On the down side, there is still a fallen tree pinning two power lines - from house to workshop and from workshop to stilt barn - at 52 inches from the ground. That is the height of the paddock fence the bole is now resting on. It's not a large-diameter tree, but is about 35 feet from root mass to crown, so it caught both lines before resting neatly on the fence. I checked with the power company about the safety of using power in the house while these lines are so compromised (even with that circuit switched off, of course) and was advised that I should treat it a a dangerous situation, stay away, and use no high-draw appliances until a National Grid tree person can get here. Which may not be for a couple of days (I'm guessing) so I ran down the list of my appliances and got the "okay" on the dishwasher which made me very happy indeed. It will probably take a couple of days just to get all the dishes washed.

I'll leave you with a couple of pictures taken the day before the storm.

We are having a stunning foliage season this year, and surprisingly, despite the storm, vast quantities of leaves are still on the trees today! Lots of leaves are on the ground, of course, and there are small branches everywhere, so the goats are enjoying an extended picnic.

This is my east view from the barnyard:

I sometimes forget to provide a sense of the size of the forests I keep showing you,
so here is the east view from my back door, with Adirondack chair for scale:

Now off to the barns.
With no power out there yet, I need to get the chores done while I can still see.

But I wanted to touch base after my latest post,
with a heartfelt thank you for all the kind thoughts.
Much appreciated.

Saturday, October 12, 2019

a long life

May 7, 2004 - October 11, 2019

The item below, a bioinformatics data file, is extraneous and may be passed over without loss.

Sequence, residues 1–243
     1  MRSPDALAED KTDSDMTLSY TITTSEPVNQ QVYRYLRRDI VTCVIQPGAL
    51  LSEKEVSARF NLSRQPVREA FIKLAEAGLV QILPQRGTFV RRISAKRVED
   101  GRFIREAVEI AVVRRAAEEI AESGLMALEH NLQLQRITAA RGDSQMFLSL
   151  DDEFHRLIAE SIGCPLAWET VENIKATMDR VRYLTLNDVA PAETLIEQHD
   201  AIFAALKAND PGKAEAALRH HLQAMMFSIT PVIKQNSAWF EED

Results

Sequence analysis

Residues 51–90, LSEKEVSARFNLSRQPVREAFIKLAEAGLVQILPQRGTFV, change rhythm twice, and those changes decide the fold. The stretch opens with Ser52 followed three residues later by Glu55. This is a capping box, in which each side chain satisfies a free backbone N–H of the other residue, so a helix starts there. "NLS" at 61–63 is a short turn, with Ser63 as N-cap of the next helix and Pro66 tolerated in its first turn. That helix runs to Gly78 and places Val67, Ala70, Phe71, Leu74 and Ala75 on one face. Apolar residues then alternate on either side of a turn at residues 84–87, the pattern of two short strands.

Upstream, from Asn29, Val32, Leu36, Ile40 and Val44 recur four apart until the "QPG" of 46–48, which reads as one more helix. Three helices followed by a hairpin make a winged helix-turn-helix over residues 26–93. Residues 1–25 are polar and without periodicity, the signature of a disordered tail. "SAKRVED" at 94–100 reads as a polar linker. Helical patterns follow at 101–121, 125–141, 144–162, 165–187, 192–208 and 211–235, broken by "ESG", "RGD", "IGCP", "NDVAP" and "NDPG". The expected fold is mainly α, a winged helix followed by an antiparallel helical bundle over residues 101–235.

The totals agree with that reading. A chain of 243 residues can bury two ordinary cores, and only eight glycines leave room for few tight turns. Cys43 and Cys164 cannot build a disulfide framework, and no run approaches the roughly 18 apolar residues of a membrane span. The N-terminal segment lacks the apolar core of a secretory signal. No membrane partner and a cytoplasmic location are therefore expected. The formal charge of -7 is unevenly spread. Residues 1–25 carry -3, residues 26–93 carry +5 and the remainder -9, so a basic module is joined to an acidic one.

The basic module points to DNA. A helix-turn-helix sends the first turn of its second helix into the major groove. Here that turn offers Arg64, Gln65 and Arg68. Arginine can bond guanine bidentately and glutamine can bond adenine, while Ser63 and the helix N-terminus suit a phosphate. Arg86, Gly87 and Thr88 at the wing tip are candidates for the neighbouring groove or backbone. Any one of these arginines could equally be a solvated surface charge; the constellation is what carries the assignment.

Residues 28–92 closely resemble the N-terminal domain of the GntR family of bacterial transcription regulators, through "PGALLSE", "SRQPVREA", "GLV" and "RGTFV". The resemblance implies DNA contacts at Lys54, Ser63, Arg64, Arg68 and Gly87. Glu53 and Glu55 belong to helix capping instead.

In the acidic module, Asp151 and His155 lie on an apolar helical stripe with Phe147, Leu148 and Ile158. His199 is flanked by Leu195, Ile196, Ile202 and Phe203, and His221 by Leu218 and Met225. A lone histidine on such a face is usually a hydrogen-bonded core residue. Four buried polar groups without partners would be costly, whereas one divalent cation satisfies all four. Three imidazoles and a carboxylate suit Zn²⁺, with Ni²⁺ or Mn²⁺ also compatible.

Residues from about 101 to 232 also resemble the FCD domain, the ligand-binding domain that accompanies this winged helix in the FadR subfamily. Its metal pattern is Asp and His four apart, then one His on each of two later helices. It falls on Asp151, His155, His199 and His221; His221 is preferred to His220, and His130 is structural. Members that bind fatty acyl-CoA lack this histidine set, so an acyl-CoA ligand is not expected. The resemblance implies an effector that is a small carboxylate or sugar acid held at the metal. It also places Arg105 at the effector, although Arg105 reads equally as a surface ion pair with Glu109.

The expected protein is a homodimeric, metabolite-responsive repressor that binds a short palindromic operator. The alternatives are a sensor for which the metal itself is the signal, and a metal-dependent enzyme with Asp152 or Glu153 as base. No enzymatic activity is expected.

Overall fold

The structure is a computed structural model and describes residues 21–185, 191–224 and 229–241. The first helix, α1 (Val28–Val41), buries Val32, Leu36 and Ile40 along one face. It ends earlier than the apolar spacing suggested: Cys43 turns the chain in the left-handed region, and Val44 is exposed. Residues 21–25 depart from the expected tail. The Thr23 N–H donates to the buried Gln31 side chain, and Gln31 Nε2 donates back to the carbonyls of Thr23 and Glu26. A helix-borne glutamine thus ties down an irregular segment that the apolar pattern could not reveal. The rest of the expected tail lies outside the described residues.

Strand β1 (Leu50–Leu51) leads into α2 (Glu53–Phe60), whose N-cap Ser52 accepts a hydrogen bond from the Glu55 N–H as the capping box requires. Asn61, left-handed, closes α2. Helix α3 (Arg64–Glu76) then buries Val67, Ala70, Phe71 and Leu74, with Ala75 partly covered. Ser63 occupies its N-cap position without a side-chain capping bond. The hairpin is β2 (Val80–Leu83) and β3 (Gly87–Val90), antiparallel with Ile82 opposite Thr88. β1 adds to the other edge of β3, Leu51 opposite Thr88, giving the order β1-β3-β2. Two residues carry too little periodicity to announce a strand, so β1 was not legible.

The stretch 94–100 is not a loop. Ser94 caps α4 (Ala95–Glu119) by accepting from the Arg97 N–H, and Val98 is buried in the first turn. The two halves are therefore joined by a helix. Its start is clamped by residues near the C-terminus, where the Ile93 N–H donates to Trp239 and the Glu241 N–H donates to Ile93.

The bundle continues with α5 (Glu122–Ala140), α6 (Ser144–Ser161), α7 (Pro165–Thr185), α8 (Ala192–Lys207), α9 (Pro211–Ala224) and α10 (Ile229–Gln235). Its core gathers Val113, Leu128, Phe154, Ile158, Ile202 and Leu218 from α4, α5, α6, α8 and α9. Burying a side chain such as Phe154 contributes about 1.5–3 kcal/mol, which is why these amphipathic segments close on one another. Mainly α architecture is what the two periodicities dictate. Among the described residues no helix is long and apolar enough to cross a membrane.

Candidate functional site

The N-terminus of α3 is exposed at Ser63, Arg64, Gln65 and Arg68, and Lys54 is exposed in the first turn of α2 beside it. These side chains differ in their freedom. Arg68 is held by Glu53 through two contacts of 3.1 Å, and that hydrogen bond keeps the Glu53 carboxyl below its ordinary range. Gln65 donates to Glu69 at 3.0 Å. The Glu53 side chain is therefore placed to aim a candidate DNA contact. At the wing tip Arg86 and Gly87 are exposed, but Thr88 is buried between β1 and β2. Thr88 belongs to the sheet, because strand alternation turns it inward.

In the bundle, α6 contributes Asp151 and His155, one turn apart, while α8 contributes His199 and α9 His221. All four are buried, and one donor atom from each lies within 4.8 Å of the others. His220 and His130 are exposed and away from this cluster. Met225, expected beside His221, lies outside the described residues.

LeShodu moved here from Maine in 2010.
She had just turned 6.

She became my foundation doe, the Matriarch.
She is the mama, grandmama, or great-grandmama
to every Cloud Harvest Cashmere goat.

She ran the entire herd - including goats who grew to far outweigh her -
with an iron hoof. I was sometimes genuinely surprised when one of the big boys stood next to Shodu and I could see that she was not the Biggest Goat.
She certainly seemed like the Biggest Goat.

LeShodu has always been my favorite to comb.
Not only for the quality of her cashmere, but for her willingness to negotiate.
We had a deal.
She didn't want to be tied for combing,
so I offered to comb her untied if she would stand still.
I also suggested that when she had had enough,
she signal restlessness with a tilt of a horn
and I would soon stop combing for the day.
It worked.
(I don't know if even cashmere people will believe this, but it is true.)

LeShodu has been with me for over 9 years, and has been an Absolute Presence for all of that time. Every night when I've finished the chores and am walking back to the house, I always call a "goodnight" to each animal by name or nickname, "Goodnight, Campion my Scampion...goodnight Betula, my birch-boy...goodnight Acer, my maple-man"...etc., always ending with, "Goodnight, LeShodu, Queen of the May."

I know some of my readers follow this blog for the goats, and I've written about LeShodu several times on Comptonia so I know this will be sad news. But please try not to feel too sad. LeShodu had a very long and good life, and a blessedly brief decline. The vet came out yesterday morning and LeShodu was quietly euthanized as I sat on the barn floor next to her, holding her head in my hands as I've done thousands of times, telling her what a Good Girl she has always been.

Good night, LeShodu, Queen of the May.

Thursday, October 10, 2019


Yesterday the weather forecast was 5 days of rain beginning at 7 AM. This was not great news, but it did get me up and out early to do as much as possible. I carried extra hay to all the covered feeders, filled water buckets, gave the hens a tomato and half an apple, and coaxed LeShodu to eat some apple slices - she was a bit quiet and didn't want to eat anything, even oats which I had to sneak past the other goats. Then I closed some of the barn doors to keep a bit of the rain out. The barnyard is already so muddy I've put 2x6 "bridges" out for the goats, and I have to wear rubber boots to get to the barn.